Children’s Literature – In 10 Objects…

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It’s a snow day! School is cancelled, and I’m having a cozy day catching up on my reading – magazine articles from my “to read” stack, e-mails, and even a real book. My husband is reading a book called The First World War in 100 Objects. And we were just talking about how many of these “history through objects” books there are: The Beatles in 100 Objects, A History of the World in 100 Objects, The Smithsonian’s History of America in 101 Objects, and lots of others for the list-oriented reader.

Naturally, I began thinking about important objects in children’s books. I don’t have time to list 100, but if I was limited to 10 significant and influential items in children’s books, I would choose:

Max’s Wolf Suit (Where the Wild Things Are by Maurice Sendak)

Max’s suit is his bridge between Home and the Wild Things. If there was no suit, there would be no  sailing off “through night and day and in out of weeks and almost over a year to where the wild things are.”

Harry’s Wand (Harry Potter by J.K Rowling)

“The wand chooses the wizard. That much has always been clear to those of us who have studied wandlore.”  Garrick Ollivander

The Sleigh Bell (The Polar Express by Chris Van Allsburg)

The symbol of childhood. “At one time, most of my friends could hear the bell, but as years passed, it fell silent for all of them.”

The Wardrobe (The Lion, the Witch and the Wardrobe by C.S. Lewis)

Another of those famous passageways….the door to “Deep Magic.” Like the wolf suit or the bell, the wardrobe is a manifestation of a character’s transformation. “This must be a simply enormous wardrobe!’ thought Lucy, going still further in and pushing the soft folds of the coats aside to make room for her. Then she noticed that there was something crunching under her feet.”


The Snowball (The Snowy Day by Ezra Jack Keats)

It’s so awesome that Peter thinks he can save his snowball! The time when you truly believe that snow is safe in your pocket is brief and precious.

Yellow Hat  (Curious George by H.A. Rey)

He always arrives just in the nick of time!  You can always breathe a bit easier when George’s friend arrives. He gives young fans a sense of security and order. George may sail into the air with a bunch of balloons, but you know “the man” will save the day!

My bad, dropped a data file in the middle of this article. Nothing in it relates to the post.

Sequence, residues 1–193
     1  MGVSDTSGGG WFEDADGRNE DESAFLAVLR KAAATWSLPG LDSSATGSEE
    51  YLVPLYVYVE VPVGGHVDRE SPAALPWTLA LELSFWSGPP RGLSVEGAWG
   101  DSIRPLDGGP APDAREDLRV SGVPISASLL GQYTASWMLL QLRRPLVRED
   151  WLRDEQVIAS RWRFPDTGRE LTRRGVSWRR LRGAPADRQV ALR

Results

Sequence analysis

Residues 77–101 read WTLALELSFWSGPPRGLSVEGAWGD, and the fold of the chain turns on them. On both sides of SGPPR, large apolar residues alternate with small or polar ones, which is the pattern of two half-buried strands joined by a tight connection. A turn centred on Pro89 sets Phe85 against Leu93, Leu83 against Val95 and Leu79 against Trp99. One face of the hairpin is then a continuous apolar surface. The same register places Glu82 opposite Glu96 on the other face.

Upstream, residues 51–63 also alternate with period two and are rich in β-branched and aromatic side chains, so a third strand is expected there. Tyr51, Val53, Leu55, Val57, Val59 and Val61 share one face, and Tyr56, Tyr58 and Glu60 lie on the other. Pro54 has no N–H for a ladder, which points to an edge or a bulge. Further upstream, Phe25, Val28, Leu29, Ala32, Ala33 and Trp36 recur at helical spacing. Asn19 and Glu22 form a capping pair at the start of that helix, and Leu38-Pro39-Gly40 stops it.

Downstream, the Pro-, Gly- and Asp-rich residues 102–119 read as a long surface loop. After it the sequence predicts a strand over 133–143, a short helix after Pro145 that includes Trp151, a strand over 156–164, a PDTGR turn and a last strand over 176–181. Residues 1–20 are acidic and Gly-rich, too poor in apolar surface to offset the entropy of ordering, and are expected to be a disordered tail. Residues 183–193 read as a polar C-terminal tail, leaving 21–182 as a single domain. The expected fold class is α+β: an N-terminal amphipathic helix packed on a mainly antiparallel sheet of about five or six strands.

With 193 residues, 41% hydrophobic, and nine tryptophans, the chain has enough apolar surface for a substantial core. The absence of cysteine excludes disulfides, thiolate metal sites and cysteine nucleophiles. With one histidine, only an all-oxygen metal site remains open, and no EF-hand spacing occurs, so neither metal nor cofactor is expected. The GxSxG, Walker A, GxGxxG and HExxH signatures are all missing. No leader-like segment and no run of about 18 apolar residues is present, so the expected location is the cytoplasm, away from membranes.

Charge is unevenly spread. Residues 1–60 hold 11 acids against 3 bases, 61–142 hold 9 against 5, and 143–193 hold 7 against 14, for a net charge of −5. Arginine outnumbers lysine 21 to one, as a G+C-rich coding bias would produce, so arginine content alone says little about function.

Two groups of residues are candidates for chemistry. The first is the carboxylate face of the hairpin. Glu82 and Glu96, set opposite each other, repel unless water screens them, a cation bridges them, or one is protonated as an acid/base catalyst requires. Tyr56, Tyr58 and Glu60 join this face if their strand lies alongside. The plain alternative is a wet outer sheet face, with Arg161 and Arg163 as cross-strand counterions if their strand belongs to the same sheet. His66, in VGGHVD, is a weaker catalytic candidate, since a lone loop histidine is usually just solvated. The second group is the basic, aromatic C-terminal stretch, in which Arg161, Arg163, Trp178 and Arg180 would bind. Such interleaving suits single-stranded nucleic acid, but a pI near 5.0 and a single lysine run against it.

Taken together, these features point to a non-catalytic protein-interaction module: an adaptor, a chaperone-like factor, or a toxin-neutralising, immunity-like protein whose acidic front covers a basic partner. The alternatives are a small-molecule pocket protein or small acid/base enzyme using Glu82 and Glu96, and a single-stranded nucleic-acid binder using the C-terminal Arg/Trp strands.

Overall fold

The Purple Crayon (Harold and the Purple Crayon by Crockett Johnson)

The crayon as key – it unlocks Harold’s imagination – and more than 50 years later, the book continues to inspire children and books for children. Look at Journey by Aaron Becker!  Part of the magic of Harold’s adventure is that he is alone. No adults to point the way or tell him what to draw next.


The Ferris Wheel (Charlotte’s Web by E.B. White)

The Ferris Wheel in Charlotte’s Web makes me sad. It’s a sign that Fern is leaving one world behind and entering the “adult world” – just as Dr. Dorian predicted she would. This is the bell from The Polar Express!  Fern heard the animals talking to one another, but now she chooses Henry Fussy over Wilbur and Charlotte.

The wheel also represents cycles – it keeps spinning. Charlotte dies. The seasons change. Fern grows up.


The Golden Ticket (Charlie and the Chocolate Factory by Roald Dahl)

“I want a good sensible loving child, one to whom I an tell all my most precious candy-making secrets – while I am still alive.”

The Sled (The Giver by Lois Lowry)

“Jonas felt himself losing consciousness and with his whole being willed himself to stay atop the sled, clutching Gabriel, keeping him safe.”

There are definitely 90 more objects to list, but many of them would share characteristics with the 10 here. Transformative talismans. Keys to unlock imaginations. Signs of freedom or safety. Wings and tickets and gardens and rivers.

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